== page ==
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Articles Home » 1983 Articles » Prism - 1983 Beat Street
Prism - 1983 Beat Street

ALBUM: Beat Street
LABEL: Capitol
SERIAL: ST-12266
YEAR: 1983
CD REISSUE: 2008, Renaissance, RMED-151 (with 9 bonus tracks)


LINEUP: Henry Small - vocals, bass, guitar

Guests: Timothy B. Schmit - vocals * Richie Zito - guitar * Michael Baird - drums * Jimmy Phillips - keyboards * Dennis Belfield - bass * Bobby Kimball, Bill Champlin - backing vocals

TRACK LISTING: 01 Nightmare * 02 Beat Street * 03 Dirty Mind * 04 Modern Times * 05 Is He Better Than Me * 06 Blue Collar * 07 Wired * 08 State Of The Heart * 09 I Don't Want To Want You Anymore


From the start it's worth pointing out that this was Henry Small's second album with Prism, and there's quite a few lineup changes since the last album from 1981 'Small Change'. To be fair, this album is not really Prism either. The true core of the band dissolving after that 1981 album. It seems that Mr Small wasn't the easiest to get along with, although his vocal talents cannot be disputed. Despite all this upheaval, he managed to rope in future superstar producer Ritchie Zito into the band, and even a guest appearance from Bobby Kimball ex Toto.

The Songs
'Nightmare' begins the album in Survivor meets pompy Le Roux territory, very well arranged and melodic throughout. Next is the title track 'Beat Street', a new wavish electro pop affair that's bearable but somewhat out of place. 'Dirty Mind' goes some way to repairing the damage despite being a little lightweight - great use of hooks and strong melodies make up for the fragile and sparse guitar presence. 'Modern Times' is still inhabiting hi-tech territory, with everything but the kitchen sink thrown in. Despite the decent melodies and abundant energy, it's a slightly bewildering end to side one of the vinyl. Side 2 kicks off with 'Is He Better Than Me', and this is more like it - pure anthem AOR in the 1983 style, complete with classic chorus like 'Megaforce' era 707. 'Blue Collar' borrows Foreigner's 'Hot Blooded' riff and uses it to build the working man's ultimate AOR anthem, this is really stunning and worthy of big hit status. 'Wired' comes across as Shooting Star meets Fergie era Le Roux, in other words yet another classic which, like the two before it, you'd expect to find on side one. The descending hook in the chorus is the stuff of AOR dreams. 'State Of The Heart' doesn't let the side down either, a melodic treat at midtempo with all the keyboard/guitar interplay you can handle and yet another flowing chorus. This classic side of vinyl closes off with a power ballad called 'I Don't Want To Want You Anymore', a slice of such emotionally charged class that I feel obliged to compare it to the monumental ballads on 707's classic debut.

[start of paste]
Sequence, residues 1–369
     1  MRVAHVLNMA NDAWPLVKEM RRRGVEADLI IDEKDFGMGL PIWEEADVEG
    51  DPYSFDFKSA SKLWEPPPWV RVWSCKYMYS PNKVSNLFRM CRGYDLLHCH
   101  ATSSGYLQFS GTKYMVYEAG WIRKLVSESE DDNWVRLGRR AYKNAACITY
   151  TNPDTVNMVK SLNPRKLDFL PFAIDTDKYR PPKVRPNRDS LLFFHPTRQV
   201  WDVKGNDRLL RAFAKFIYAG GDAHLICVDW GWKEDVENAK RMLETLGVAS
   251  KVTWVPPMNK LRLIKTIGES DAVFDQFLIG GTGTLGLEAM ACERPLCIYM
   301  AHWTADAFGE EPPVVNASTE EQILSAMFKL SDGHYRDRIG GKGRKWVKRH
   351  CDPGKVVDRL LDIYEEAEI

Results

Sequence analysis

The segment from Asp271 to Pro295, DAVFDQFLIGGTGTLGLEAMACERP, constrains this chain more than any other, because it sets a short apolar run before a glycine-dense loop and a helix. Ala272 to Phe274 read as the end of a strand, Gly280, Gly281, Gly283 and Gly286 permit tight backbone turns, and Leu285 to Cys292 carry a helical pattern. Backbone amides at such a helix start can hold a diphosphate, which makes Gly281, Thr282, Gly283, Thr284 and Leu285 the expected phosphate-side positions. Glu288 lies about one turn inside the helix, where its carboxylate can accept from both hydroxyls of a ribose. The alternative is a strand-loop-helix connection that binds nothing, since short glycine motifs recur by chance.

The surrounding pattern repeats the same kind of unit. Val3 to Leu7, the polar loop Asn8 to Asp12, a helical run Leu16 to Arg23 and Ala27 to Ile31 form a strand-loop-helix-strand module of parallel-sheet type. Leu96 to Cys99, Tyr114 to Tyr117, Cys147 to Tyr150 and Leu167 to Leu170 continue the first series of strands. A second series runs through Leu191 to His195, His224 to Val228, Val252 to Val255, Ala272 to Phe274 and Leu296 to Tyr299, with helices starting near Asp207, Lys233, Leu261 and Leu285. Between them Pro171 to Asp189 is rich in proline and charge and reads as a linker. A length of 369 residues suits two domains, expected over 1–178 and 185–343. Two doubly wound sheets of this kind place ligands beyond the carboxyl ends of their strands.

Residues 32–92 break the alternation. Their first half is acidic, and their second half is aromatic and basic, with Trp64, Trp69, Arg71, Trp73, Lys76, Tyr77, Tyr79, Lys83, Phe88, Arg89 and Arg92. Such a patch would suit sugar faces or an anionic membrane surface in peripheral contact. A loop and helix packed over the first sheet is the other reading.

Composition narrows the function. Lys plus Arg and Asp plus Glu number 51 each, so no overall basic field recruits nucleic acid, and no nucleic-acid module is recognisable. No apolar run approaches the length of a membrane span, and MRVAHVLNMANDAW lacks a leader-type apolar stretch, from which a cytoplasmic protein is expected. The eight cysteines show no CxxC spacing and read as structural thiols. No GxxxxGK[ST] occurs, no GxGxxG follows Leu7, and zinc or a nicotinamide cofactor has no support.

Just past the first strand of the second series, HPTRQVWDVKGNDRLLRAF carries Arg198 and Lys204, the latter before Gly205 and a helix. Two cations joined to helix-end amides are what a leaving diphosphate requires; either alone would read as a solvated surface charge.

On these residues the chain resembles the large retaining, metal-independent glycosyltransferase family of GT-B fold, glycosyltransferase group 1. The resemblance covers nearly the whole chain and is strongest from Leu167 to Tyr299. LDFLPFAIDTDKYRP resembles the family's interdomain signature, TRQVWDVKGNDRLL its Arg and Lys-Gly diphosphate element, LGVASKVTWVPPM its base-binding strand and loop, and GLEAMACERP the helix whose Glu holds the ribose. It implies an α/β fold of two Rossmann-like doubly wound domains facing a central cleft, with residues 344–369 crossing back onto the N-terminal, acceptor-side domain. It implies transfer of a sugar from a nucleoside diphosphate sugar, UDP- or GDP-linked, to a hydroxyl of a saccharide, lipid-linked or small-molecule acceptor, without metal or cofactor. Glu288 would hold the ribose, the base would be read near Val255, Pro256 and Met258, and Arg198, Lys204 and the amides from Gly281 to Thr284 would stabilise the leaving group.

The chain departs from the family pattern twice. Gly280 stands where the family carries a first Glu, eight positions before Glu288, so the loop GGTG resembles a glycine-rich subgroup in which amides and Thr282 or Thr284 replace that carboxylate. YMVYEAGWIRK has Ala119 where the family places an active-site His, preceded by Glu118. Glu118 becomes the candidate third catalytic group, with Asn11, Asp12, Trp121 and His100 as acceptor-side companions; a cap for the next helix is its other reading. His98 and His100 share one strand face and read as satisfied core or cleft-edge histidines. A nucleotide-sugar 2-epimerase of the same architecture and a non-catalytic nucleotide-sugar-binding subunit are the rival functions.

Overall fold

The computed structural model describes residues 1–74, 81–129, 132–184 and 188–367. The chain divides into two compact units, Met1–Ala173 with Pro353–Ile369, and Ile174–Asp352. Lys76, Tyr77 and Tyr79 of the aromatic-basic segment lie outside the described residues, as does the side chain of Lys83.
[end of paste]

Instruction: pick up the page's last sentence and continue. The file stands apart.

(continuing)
In Summary
Now I fully understand why this album has been hailed as a classic of AOR for many years, and you won't even have to search for a second hand vinyl copy - it's being released as a double CD with the previous 'Small Change' album in late October 2001 or so. My credit card's already itchy !!

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#1 | richardb on June 13 2008 12:37:03
A good album but 'Modern times' is a truly awful song!

Richard B
#2 | Nick C on June 28 2008 18:06:16
Agreed ... lol! State of the Heart makes up for it though Smile
#3 | Emda on August 05 2010 22:24:32
IMHO this is a top 10 AOR album of the 80's, there is not bad single moment on it.
#4 | jeffrey343 on September 15 2010 21:06:57
I loved "Is He Better Than Me?" the first time I heard it on radio in '83 and rushed out to get the single ( the B-side was "State Of The Heart" ). I probably heard it on radio fewer than five times, and I never heard anything else from Prism. I finally found this on CD about three years ago, and I heard their previous albums too. Overall, this is pretty good stuff. I'll agree that the first side is the weaker side, but the second side (from track 5 on) has a couple of killers ( "Is He Better Than Me" and "Wired" ), and the other three are very good.

The version of this album I have (which is the most readily available one) contains nine bonus tracks. Four of them are alternate versions of the original tunes (they don't sound too different to me). The five newer ones are, IMO, stronger tunes than a couple that were on the original album.

I do prefer this to their earlier output, although the earlier stuff is pretty good. But this pretty much is a different band since none of the original members are on it.
#5 | gdazegod on September 15 2010 23:43:57
Was a bit cheeky of Henry to release this as Prism actually..  no
#6 | Eric on September 16 2010 00:37:12
Agree, better going with Small Wonder I would have thought...
#7 | Vincenzo on October 09 2011 12:01:09
!?!? One of the BEST Pomp/A.O.R. album from 1983, no doubts about that. Reissued by Reinassance Records.
#8 | super80boy on March 23 2014 15:58:40
This album gets off to a great start with the thundering 'Nightmare' and really doesn't let up. The title track is a little out of place, but its not a bad song by any means. Beat Street is chock full of AOR gems.
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